July 19, 2023
Monroe, LA – The Journal of the American Medical Association’s (JAMA) Network Open publishes Northeast Delta Human Services Authority’s (NEDHSA) research entitled, “Association Between Telehealth and Missed Appointments Among Patients Experiencing Behavioral Health Challenges.” NEDHSA’s cohort study is a retrospective analysis of the electronic health records of patients with behavioral health conditions who scheduled appointments in outpatient clinics in rural Louisiana from May 1, 2022, to January 31, 2023. The study sample included 9,715 appointments (3,318 in-person and 6,397 telehealth). The no-show rate was 13 percent for in-person appointments and 17 percent for telehealth appointments.
NEDHSA Executive Director Dr. Monteic A. Sizer said JAMA Network Open’s publishing of the agency’s research “validates our empirical focus and overall population health improvement desires in Louisiana’s Delta. We are honored to have our research featured in such a prestigious, peer-reviewed journal.”
“We are committed to further publishing outcome-based research on the effectiveness of our integrated behavioral and primary healthcare model,” Dr. Monteic A. Sizer said. “I established our analytics department to help us better measure the outcomes and efficiencies of our internal operations and also to be able to help us know more about the social, environmental, psychological, and primary healthcare needs of the thousands of vulnerable patients we serve regionally. With this data focus and our commitment to continuous improvement, we are well on our way to further transforming our region and the lives of those we serve.”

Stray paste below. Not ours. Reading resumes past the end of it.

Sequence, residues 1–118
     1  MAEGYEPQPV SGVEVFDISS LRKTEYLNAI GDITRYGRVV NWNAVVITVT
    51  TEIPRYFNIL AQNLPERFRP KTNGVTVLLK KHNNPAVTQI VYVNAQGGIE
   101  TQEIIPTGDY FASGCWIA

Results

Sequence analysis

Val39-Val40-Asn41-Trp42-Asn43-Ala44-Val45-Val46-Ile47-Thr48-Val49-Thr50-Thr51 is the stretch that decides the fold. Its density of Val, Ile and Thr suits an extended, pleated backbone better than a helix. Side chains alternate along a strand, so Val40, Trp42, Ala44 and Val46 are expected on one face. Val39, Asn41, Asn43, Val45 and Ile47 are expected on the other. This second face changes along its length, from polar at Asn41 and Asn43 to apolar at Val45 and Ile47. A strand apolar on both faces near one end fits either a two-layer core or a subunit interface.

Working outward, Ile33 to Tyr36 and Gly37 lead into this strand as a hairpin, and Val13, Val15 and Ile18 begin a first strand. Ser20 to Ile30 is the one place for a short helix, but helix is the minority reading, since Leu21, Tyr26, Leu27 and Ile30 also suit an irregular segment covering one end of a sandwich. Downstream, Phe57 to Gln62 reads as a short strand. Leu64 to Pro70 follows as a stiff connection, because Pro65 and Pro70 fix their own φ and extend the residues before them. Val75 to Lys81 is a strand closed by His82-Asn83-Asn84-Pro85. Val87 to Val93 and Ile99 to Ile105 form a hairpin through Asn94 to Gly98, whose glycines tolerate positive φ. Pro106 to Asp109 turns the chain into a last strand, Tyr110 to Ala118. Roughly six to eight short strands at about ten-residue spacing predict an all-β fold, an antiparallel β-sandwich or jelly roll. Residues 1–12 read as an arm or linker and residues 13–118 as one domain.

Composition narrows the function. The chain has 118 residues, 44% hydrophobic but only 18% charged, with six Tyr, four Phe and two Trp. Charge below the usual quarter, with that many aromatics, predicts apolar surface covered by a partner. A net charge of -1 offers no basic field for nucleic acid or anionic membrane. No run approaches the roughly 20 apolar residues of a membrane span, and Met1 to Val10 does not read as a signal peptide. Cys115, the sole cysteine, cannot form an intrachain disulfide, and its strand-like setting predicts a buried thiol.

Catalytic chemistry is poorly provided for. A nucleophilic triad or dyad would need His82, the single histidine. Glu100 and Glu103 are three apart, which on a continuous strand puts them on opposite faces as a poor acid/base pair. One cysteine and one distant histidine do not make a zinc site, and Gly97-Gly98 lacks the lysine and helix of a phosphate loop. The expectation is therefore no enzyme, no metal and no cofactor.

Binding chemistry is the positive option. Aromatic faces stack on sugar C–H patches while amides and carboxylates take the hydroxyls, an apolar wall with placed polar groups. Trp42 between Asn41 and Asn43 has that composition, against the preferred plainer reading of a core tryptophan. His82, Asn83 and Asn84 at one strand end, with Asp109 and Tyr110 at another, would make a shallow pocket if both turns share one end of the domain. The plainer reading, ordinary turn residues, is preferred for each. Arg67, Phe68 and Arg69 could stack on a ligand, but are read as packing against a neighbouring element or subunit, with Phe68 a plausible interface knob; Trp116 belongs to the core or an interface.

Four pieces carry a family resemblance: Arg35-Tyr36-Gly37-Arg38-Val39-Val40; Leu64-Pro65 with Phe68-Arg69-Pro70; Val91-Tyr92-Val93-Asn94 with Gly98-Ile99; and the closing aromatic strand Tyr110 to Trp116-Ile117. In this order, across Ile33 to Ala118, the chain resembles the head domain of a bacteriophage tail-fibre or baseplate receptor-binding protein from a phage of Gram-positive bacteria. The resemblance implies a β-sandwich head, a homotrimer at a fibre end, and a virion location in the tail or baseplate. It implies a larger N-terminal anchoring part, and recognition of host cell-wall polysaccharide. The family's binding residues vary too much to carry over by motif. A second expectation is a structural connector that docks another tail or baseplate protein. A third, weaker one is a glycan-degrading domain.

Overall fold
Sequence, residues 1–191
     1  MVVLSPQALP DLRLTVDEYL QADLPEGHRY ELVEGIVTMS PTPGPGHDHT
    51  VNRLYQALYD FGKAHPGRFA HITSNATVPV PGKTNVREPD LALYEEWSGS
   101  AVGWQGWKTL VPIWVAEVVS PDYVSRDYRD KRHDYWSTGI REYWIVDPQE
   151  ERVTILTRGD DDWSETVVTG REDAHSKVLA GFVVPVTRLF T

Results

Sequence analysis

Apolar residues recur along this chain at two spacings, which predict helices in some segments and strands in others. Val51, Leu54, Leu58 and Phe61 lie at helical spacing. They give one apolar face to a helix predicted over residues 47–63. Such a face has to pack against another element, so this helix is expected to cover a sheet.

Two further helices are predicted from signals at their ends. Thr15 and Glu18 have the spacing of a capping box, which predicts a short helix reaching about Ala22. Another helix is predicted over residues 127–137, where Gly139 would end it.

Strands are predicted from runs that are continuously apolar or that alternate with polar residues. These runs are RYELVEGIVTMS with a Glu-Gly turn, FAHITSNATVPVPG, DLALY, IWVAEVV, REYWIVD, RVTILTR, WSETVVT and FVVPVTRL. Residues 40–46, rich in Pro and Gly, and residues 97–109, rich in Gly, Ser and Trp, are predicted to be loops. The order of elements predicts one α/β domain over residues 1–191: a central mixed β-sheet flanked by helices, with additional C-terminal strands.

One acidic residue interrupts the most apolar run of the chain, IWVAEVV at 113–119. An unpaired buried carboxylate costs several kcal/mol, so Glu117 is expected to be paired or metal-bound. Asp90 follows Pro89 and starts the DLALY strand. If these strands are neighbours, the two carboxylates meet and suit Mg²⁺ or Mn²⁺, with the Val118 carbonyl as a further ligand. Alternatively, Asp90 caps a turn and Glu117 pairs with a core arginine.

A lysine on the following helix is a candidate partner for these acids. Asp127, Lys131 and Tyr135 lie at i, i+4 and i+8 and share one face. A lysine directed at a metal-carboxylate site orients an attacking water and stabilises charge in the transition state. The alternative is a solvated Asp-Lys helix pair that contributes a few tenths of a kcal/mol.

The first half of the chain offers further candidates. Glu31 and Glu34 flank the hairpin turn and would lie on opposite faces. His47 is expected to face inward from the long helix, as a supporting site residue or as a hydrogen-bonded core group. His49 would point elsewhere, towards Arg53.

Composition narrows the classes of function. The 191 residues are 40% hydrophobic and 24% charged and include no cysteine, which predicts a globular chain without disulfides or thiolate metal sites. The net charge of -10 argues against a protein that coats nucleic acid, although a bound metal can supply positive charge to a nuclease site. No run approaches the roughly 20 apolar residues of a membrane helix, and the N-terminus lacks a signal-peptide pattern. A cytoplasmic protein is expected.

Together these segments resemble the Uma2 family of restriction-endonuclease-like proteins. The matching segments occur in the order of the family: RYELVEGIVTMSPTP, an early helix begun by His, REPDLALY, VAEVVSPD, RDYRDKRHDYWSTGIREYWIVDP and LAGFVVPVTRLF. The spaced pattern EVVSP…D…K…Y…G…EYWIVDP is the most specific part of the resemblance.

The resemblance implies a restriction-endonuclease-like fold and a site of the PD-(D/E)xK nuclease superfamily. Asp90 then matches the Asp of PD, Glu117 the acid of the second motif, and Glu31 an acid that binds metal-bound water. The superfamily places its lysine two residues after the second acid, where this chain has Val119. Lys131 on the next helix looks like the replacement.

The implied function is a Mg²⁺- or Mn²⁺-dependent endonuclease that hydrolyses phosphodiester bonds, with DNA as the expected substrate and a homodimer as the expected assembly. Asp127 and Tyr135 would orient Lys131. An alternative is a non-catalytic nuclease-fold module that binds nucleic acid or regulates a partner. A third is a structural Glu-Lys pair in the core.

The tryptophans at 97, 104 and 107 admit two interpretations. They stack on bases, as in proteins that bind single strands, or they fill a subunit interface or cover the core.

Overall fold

NEDHSA’s Director of Behavioral and Primary Health Analytics, Dr. Dependra Bhatta, said, “the results of the study suggest that, although telehealth was widely implemented after the beginning of the COVID-19 pandemic to limit the spread of the virus, it may have unintentionally prompted patients experiencing behavioral health challenges to miss their scheduled appointments at a rate higher than it would have been for in-person care.”
“Our study finds that the comparison of no-shows between patients using telehealth and in-person care after matching indicated that patients in the telehealth cohort had statistically significantly higher odds of no-shows than patients in the in-person cohort,” Dr. Bhatta said.
To view the research in its entirety, please see the following link: https://jamanetwork.com/journals/jamanetworkopen/fullarticle/2807436
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